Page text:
The Scent of Tsugaru: Shimokaigan
In the movie Pépé le Moko, Jean Gabin’s eponymous bank robber is hiding from the law in the Casbah of Algiers when he falls in love with Gaby, a visiting Parisienne. In the final scene, Pépé leaves his mazelike refuge just as Gaby’s boat is leaving, then cries out to her in despair through the wharf’s iron-barred fence. I first watched the famed director Julien Duvivier’s 1937 tour de force in a tiny Tokyo theater as a student, and I’ve revisited it countless times over the decades since then.
On a bright, sunny day after heavy snows, I visit the Shimokaigan neighborhood of Hakodate, located on the shore near the mouth of the Shiodomari River. The last time I was here, I found a crumbling old building with missing roof shingles and leaning walls: the old Kimura sardine hut. Now, however, even that has vanished completely, and I find only an empty field of snow.
Well into the twentieth century, the seas off Hokkaidō were visited by schools or sardines so vast they darkened the waters. Boiling the sardines down into fish meal to use as farming fertilizer brought prosperity to the region in the Meiji era (1868–1912). In November and December, when the sardines were in the area, fisherfolk lived in the hut. The men would haul in beach seines, calling out Yasa yo, yasa-a, yo-o to keep in time. The women would go back and forth from the shore to the cauldrons, carrying straw baskets called mokko full of fish. When I stand where the hut once did, I can imagine the scene vividly. But the sardines began to dwindle around 1940, and in 1952 the local fishing leaders officially closed the area.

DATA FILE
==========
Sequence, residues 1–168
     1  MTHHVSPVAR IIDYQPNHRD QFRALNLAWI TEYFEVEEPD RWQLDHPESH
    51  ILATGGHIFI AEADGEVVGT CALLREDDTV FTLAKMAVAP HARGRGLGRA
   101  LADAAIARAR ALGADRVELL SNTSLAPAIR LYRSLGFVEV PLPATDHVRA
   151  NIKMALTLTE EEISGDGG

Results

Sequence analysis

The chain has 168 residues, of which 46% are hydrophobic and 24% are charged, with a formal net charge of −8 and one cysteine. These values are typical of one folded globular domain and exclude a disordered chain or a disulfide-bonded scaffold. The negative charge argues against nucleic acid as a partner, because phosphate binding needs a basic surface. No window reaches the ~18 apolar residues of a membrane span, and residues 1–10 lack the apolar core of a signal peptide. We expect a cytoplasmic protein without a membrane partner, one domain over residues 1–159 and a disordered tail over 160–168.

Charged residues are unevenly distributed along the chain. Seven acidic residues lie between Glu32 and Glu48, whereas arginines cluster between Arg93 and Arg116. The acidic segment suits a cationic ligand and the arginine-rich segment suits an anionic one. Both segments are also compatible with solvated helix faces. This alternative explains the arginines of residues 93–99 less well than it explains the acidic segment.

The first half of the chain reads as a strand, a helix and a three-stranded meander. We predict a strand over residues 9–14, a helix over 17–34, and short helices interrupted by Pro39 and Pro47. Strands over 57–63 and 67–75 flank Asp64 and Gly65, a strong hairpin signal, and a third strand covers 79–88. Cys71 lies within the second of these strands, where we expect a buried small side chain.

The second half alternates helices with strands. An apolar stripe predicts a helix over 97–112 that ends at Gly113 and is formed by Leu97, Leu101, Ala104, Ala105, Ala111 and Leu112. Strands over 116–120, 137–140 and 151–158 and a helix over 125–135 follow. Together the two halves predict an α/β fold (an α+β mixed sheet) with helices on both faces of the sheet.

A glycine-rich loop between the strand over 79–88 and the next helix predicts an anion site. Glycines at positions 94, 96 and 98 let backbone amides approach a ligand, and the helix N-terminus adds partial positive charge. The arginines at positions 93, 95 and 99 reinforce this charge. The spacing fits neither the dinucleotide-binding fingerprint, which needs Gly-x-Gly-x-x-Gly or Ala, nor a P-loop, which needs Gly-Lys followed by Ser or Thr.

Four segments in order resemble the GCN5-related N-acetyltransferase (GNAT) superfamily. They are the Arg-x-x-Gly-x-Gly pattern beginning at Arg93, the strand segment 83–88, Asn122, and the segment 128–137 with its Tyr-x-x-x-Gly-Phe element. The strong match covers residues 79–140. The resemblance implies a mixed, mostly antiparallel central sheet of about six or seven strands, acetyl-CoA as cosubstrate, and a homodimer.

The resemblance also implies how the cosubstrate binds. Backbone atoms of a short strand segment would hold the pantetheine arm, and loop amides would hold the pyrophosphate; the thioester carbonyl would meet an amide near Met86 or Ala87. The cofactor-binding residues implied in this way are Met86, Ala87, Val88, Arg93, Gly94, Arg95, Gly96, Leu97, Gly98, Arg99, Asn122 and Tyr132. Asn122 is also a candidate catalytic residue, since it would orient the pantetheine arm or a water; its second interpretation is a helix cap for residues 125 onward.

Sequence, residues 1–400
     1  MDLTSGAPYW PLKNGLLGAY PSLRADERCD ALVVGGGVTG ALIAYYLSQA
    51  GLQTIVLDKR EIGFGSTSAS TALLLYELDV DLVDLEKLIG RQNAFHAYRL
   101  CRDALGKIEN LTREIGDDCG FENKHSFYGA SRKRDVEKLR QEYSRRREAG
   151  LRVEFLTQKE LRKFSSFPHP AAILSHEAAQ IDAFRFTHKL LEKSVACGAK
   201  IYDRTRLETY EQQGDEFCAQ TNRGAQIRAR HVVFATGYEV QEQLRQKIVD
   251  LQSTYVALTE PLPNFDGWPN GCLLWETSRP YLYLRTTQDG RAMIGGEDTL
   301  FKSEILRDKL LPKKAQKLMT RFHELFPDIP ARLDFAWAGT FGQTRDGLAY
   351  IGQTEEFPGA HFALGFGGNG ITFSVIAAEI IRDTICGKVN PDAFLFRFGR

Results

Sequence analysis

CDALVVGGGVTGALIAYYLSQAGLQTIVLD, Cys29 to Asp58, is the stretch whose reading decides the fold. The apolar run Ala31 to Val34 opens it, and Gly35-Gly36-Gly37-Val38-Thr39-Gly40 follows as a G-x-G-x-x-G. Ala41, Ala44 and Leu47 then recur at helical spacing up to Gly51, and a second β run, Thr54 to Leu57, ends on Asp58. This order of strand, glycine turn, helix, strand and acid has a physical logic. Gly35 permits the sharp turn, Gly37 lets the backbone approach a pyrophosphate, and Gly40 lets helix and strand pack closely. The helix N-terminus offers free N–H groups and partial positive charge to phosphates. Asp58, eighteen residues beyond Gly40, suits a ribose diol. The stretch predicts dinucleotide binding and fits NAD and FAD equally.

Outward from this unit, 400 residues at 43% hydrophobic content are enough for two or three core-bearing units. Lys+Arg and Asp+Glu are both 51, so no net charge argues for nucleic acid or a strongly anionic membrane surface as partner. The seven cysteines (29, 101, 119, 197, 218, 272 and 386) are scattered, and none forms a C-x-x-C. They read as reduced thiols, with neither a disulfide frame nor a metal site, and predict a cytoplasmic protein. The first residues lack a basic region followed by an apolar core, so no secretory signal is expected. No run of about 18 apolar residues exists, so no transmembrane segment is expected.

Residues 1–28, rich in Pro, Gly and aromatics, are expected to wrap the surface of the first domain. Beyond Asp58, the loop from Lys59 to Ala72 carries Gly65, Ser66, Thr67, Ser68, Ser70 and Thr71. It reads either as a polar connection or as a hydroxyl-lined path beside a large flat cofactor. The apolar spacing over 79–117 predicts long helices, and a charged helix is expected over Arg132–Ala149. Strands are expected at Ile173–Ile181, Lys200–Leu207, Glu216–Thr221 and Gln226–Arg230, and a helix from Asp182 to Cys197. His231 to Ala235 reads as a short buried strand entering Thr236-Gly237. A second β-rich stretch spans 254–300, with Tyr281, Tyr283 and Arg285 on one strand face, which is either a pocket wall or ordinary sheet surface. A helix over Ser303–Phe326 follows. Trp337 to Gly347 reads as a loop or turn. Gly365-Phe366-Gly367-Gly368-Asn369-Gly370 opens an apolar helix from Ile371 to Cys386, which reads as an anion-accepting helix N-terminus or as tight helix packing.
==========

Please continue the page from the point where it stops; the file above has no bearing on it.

On my last visit, some 15 years ago, I met a woman by the sardine hut. She was in her eighties, and her oval face, elegant nose, and expressive eyes hinted at the beauty she had been in her youth. Seventy years ago, she had come to Hokkaidō from Hirosaki, a city in the Tsugaru region of Aomori Prefecture, to marry a fisherman whose face she had never even seen. When life got lonely or painful and she longed for home, she would watch the Seikan Ferry that linked Hakodate to Aomori and think of her old hometown across the strait, in the mountains of Tsugaru. If she’s still in good health, she must be a hundred by now.
When Pépé holds Gaby tight, he is gripped by homesickness. “You smell so good,” he says. “The Métro,” she quips. No doubt the woman from Hirosaki was taking in the scent of Tsugaru carried to her by the rapid currents of the strait.
Access: Near Shiodomarigawa Bridge, 30 minutes by car from central Hakodate
(Originally published in Japanese.)